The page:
“House of Cards” was built on the backs of three men and carried — beyond its original designs — by one woman. What began as a collaboration between David Fincher and Beau Willimon, starring Kevin Spacey as the power-hungry politico Frank Underwood, soon became “The Robin Wright Show,” as the actress made the most of a character who had more qualms, better plans, and a stronger arc than her husband’s.
But even Claire can’t hold “House of Cards” together anymore. Though fans needn’t look beyond a disappointing and dull fifth season for reason to celebrate a fixed ending — Season 6 will be the last — there are reasons beyond a dip in quality to let this story die, and they begin with an actor on the outs, Kevin Spacey.
Netflix claims the recent allegations made against Spacey have nothing to do with his series’ newly announced ending, but they are the reason production on Season 6 has stopped. The streaming giant claims plans were made months ago to end the series after its sixth season, as evidenced by the “very early” development of spinoff plans. Variety reported Monday evening that Netflix was considering a series based around Doug Stamper, the Underwood family’s top aide played by Emmy nominee Michael Kelly, as well as “at least” two more spinoff ideas.
While Kelly is undoubtedly a talent worthy of his own show, Stamper has gotten his due within the series. Barring a prequel route — which “Better Call Saul” makes look a lot easier to pull off than it is — Stamper’s recovery arc in Season 3 told us all we need to know about the character. Other spinoffs seem like a stretch, given few characters have surfaced over the years that compare to who’s already left or been killed off.
No one is as disruptive or complex as Zoe Barnes (Kate Mara) and Mahershala Ali (who played Remy Danton until last season, when he left the series) is already trying to extend the life of another prestige drama on life support: “True Detective.”
Similarly, a “spinoff” about Claire wouldn’t be a spinoff: It would be a continuation. No matter how Season 6 ends — or who it focuses on — the ending of Season 5 emphasized who controls this story. Any continuation of that arc is a continuation of the original series, just without its original lead. That may not be the worst thing, but Claire’s continuation would inherit the pre-existing problems of the series so far.
Moreover, even if Frank dies in the final season, any iteration of “House of Cards” will forever live with his ghost over it, meaning the show would need a creative overhaul to overcome any lingering pangs for the past. (Much like “Better Call Saul” has done, but, again, Vince Gilligan’s spinoff is the exception that proves the rule.) The controversy surrounding Spacey isn’t likely to go away any time soon, especially given the recent production shut-down. The series may be faltering on its own, but any spinoff would need to considerably (and impossibly?) distance itself from the original’s former lead if it wants to avoid immediate and lasting backlash. (No one would be clamoring to see Spacey return like they are to see Bryan Cranston back on “Saul.”)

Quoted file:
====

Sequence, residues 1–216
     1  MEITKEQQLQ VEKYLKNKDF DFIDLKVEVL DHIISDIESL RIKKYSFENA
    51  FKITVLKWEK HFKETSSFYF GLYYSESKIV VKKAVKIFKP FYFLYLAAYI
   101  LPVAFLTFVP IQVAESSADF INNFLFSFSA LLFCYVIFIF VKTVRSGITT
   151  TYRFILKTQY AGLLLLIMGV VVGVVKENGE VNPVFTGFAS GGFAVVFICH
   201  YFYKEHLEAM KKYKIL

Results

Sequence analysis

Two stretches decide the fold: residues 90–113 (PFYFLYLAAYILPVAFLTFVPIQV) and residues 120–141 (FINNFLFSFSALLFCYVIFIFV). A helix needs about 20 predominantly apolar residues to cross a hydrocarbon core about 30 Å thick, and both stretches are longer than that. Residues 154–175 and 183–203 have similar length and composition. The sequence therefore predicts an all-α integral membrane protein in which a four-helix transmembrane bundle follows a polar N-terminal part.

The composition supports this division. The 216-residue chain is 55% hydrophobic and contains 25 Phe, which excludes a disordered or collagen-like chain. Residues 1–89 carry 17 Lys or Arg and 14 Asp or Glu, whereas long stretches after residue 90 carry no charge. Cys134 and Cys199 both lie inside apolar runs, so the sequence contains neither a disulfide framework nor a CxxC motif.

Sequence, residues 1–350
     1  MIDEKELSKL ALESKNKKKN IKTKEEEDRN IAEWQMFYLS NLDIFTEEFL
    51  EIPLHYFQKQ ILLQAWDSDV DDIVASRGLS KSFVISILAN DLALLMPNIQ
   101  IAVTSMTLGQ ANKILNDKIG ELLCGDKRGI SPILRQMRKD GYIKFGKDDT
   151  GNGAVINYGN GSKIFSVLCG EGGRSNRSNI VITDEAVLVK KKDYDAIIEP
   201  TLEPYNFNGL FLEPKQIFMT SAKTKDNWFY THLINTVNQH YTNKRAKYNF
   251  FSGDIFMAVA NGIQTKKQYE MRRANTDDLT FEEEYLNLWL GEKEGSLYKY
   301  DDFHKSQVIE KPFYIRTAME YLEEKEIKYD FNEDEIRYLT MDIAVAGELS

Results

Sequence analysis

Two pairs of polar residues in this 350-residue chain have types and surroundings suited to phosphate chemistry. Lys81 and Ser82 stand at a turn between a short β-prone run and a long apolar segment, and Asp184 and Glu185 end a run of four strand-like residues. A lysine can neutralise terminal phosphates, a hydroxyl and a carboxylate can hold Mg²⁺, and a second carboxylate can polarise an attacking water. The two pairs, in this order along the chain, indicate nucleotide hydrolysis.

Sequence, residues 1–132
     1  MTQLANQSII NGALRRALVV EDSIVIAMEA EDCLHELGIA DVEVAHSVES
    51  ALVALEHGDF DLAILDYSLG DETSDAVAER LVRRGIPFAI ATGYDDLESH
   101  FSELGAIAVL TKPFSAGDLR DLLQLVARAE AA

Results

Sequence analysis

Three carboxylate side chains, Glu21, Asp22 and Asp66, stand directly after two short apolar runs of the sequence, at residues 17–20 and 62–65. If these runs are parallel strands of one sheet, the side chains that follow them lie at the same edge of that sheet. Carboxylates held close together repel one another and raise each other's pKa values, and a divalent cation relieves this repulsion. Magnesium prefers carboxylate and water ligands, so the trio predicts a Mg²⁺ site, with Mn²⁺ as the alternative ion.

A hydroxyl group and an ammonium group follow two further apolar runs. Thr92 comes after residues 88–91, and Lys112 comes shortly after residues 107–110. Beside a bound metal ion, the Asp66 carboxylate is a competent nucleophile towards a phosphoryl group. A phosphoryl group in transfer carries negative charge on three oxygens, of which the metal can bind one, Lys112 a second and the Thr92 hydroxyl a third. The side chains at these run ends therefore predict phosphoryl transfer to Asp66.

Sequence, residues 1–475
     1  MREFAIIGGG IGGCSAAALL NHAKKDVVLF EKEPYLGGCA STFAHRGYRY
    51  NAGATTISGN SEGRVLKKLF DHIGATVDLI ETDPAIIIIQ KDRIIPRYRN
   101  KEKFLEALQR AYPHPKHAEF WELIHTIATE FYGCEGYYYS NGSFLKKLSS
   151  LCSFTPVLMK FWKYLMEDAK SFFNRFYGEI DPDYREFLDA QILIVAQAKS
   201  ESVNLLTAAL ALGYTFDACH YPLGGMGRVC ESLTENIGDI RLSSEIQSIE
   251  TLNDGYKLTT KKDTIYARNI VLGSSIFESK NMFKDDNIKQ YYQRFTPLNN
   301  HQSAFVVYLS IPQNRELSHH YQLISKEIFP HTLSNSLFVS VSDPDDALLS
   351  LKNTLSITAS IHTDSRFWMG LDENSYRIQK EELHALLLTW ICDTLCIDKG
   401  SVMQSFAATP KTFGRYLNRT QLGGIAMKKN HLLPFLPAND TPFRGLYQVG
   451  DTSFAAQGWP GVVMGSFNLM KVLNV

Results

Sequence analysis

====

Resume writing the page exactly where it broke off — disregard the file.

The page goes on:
No matter what, creatives are key, and those who made “House of Cards” great — for however long you believe that status to have lasted — have moved on. Fincher has a new series at Netflix, and “Mindhunter” Season 2 has already been given the green light. Beau Willimon is the creator and showrunner on “The First,” an upcoming series on Hulu starring Sean Penn, and Kevin Spacey, to put it politely, could be the reason “House of Cards” never sees a proper ending. (Production has been halted indefinitely.)
Netflix has a growing reputation for prolonging TV shows, but will it try to do so even if the face of that show is associated with sexual assault against a minor? Ever since the streaming service revived “Arrested Development,” the industry has a string of revivals and reboots. Netflix itself has prolonged “The Killing,” “Longmire,” “Gilmore Girls,” and more. But it’s also eager to push potential one-and-done shows beyond their limit. “American Vandal” was renewed for a second season despite the concerns of critics. “13 Reasons Why,” a big hit for the network, was picked up for Season 2, as well. Even the docu-series “Making a Murderer” is being pushed for more episodes.
Netflix doesn’t need “House of Cards.” It doesn’t need to bleed its existing properties to death when it’s proven itself capable of producing exciting new series on a regular basis. “Mindhunter,” “Big Mouth,” and “GLOW” all debuted this year and all received strong reviews, buzz, and presumably high viewership, given they’ve all been picked up for second seasons.
“House of Cards” is the remnant of a bygone era, a time when antiheroes ruled television and the idea of an American series lead talking to the camera was treated as revolutionary. Neither are held in high regard anymore, and the show itself is seeing a steady decline in esteem, as well. Rather than reshuffle the deck and spit out more of the same, it’s time for Netflix to look to the future.
Frank doesn’t have to die, but “House of Cards” does.